Would you like scarves, stoles, neckties made of yarn spun from lotus stem? This is exactly what Bijiyashanti Tongbram, a 27-year-old from Manipur, is offering her customers, and has caught the attention of many, including Prime Minister Narendra Modi and state Chief Minister N Biren Singh.
Bijiyashanti is now planning to use her painstaking process to create products most in demand today – facemasks.
A graduate in botany honours, Bijiyashanti is the daughter of Joykumar Tangram and Sanahal Tongbram, of Thanga Tongbram village, near Loktak, the largest freshwater lake in the Northeast region. Bijiyashanti Tongbram’s father is a field assistant in the Fishery department of Manipur.
Having graduated from GP Women’s college Imphal, in 2014, Bijiyashanti’s initial plan was to establish agro-tourism in her area. She said she had always been fascinated by the medicinal value of lotus, and she conceived the idea of collecting different varieties of lotus from around the world to start lotus farming. However, due to lack of resources, her plans could not take flight.
Nevertheless, her experiment with lotus’s medicinal properties continued. After acquiring some knowledge in training programmes on entrepreneurship, she successfully developed aromatic lotus tea leaves. “I always wanted to explore the medicinal values of different plants growing in Loktak lake which the locals are not aware of,” said Bijiyashanti.
Amid the struggle to build her own business, in 2018, a piece of advice from a family friend changed her life.
Bijiyashanti said a friend of her father’s told her about how farmers in Myanmar’s inland lakes spin thread from lotus stem for weaving.
“I was hooked to the idea and started doing my own research. The entire 2018 was spent doing research work and experiment.”
In May 2019, she started spinning yarn from lotus stems and weaving neckties, mufflers, etc., with the help of a handful of women from her locality. Subsequently, she set up an enterprise ‘Sanajing Sana Thambal”, which now has 10 women, including her.
Bijiyashanti said she received mixed responses in the initial stage. “There were people who questioned the feasibility of the practice and how durable the product would be. At the same time, many, including my family, encouraged me,” she said.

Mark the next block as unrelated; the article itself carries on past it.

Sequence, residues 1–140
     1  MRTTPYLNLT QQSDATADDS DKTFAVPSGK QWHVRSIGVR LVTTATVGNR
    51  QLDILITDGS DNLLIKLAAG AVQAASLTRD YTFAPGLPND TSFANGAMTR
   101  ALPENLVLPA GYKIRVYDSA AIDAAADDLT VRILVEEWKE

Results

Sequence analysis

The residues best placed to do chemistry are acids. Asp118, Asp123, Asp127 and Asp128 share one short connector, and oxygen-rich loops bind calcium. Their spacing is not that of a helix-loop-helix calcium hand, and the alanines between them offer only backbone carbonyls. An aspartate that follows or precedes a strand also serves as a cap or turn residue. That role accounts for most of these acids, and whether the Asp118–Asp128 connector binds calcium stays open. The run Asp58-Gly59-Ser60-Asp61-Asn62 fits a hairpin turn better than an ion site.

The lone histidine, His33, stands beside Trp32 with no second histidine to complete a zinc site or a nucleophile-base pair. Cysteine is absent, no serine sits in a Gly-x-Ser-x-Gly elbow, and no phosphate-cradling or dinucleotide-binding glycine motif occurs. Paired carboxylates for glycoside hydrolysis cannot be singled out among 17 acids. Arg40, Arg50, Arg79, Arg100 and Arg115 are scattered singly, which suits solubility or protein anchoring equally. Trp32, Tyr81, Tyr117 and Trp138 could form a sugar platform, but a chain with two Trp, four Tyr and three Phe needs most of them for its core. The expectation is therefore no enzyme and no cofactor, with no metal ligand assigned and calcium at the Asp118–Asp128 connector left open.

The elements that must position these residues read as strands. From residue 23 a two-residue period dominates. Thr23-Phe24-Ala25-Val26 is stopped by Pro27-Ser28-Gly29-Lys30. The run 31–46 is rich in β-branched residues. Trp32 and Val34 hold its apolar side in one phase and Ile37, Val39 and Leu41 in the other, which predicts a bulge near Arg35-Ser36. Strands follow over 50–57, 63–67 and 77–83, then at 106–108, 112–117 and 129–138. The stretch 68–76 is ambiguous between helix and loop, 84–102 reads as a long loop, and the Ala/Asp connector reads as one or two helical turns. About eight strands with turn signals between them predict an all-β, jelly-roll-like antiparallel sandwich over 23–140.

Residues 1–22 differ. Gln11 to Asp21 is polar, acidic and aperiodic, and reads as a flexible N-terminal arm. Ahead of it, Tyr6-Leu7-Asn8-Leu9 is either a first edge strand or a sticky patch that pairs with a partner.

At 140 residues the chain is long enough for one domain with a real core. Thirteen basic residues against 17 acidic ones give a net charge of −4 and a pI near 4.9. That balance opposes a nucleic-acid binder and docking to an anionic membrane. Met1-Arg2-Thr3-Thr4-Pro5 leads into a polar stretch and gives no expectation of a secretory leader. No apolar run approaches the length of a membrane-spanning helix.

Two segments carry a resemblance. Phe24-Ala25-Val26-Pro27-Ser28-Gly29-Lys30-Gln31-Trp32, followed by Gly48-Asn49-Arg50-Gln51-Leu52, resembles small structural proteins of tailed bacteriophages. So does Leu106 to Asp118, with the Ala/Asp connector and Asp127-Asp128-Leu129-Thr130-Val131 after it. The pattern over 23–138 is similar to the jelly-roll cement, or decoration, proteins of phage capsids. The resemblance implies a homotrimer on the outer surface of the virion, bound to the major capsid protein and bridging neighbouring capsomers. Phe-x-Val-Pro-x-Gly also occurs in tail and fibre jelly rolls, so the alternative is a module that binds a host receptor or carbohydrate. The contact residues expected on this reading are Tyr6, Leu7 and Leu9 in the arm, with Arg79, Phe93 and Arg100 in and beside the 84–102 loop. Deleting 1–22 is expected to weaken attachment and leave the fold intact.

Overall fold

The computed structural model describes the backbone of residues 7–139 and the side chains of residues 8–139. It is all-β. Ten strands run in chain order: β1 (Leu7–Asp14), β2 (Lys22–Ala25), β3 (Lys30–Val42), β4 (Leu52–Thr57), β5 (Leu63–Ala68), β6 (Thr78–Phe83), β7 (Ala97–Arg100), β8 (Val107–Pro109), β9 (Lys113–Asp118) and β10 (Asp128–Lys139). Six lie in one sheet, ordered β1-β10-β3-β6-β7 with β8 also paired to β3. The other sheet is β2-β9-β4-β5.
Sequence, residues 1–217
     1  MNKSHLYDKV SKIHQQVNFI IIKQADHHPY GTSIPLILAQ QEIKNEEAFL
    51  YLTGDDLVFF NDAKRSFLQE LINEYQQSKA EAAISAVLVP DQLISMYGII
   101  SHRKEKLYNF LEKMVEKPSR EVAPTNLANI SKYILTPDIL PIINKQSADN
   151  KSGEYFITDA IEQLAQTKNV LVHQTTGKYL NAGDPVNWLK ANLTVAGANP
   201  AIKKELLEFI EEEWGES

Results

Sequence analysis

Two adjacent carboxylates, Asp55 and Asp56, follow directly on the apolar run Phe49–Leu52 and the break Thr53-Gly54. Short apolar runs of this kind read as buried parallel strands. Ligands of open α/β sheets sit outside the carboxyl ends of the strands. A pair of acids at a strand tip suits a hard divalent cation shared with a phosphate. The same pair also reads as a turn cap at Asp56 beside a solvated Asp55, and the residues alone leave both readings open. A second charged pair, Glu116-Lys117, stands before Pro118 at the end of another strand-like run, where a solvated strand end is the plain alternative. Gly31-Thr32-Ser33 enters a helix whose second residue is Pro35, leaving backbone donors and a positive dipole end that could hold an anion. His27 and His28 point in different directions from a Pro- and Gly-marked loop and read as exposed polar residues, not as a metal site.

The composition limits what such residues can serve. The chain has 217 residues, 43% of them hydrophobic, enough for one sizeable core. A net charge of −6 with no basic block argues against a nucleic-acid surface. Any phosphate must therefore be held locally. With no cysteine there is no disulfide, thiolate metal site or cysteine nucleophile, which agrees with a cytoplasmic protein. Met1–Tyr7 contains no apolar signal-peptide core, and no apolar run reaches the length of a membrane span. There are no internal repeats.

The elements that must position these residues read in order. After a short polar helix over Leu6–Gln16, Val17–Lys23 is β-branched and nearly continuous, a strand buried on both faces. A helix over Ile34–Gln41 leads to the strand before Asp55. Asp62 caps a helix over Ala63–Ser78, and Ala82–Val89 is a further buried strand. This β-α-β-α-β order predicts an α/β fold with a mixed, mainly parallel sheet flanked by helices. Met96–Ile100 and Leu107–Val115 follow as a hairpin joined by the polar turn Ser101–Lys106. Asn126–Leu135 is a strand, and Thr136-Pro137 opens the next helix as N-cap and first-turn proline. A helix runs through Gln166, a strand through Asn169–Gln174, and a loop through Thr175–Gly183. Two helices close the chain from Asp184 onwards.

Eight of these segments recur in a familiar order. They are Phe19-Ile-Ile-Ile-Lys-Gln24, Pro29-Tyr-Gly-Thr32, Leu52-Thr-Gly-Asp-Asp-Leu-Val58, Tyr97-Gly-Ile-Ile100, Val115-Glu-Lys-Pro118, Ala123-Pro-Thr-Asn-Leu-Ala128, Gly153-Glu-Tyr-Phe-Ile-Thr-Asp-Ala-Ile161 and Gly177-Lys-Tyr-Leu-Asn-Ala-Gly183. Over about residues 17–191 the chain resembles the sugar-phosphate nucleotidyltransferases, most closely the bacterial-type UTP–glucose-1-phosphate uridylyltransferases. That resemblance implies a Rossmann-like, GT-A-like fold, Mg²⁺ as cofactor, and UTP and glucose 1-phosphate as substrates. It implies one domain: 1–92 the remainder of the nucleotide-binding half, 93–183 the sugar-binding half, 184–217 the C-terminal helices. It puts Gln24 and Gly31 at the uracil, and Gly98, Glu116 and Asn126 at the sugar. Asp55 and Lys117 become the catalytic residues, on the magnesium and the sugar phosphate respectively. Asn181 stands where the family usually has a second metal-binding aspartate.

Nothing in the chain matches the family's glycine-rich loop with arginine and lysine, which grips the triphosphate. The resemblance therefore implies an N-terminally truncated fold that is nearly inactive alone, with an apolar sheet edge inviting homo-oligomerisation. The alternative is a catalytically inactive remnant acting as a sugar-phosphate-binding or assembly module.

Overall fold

Sanajing Sana Thambal was recently selected for Start-Up Manipur. On September 27, PM Modi mentioned her during his ‘Mann ki Baat’ address. “Her efforts and innovations have opened new avenues in the fields of lotus farming and textile,” the Prime Minister said.
Manipur CM Biren Singh also tweeted, “In #MannKiBaat, Hon’ble PM @narendramodi ji appreciated the innovative efforts of Ms. Bijay Shanti from Manipur who’ve launched a start-up to develop thread from Lotus stem, & that her efforts & innovations have opened new avenues in the fields of lotus farming & textile.”
Bijiyashanti is now training women in her district Bishnupur and other districts. After the PM hailed her, she has been contacted by many self-help groups to train them.
Moreover, Bijiyashanti said, she also received calls from outside the state from people interested in buying her products.
However, she maintained that with the manpower at her disposal, it was not possible yet to go for mass production. At present, from collecting the lotus stem, extracting sufficient amount of fibre to produce a single scarf and then weaving it, the process takes about a month.
Ayingbi, a weaver working at the enterprise, said the lotus thread is similar to that of muga silk and the only difference lies in the strength. “Muga silk is stronger than lotus. But the finish products are as good as silk”, she said. Ayingbi, who is in her late 50s, does the weaving using the traditional handloom method. “As the lotus thread is delicate, using machines may not be feasible as of now. So, we are using traditional handloom,” she explained.
Giving a demonstration, the 27-year-old entrepreneur took a handful of lotus stem and placed it on a wooden plank with a bicycle rim as its stand, made by her father from an old wooden boat. She then made a slight incision around the stem with a knife and broke it gently to prevent the fibre from severing. The fibre is then hand-rolled to the desired size, after which the yarns is hand-woven using loin loom.
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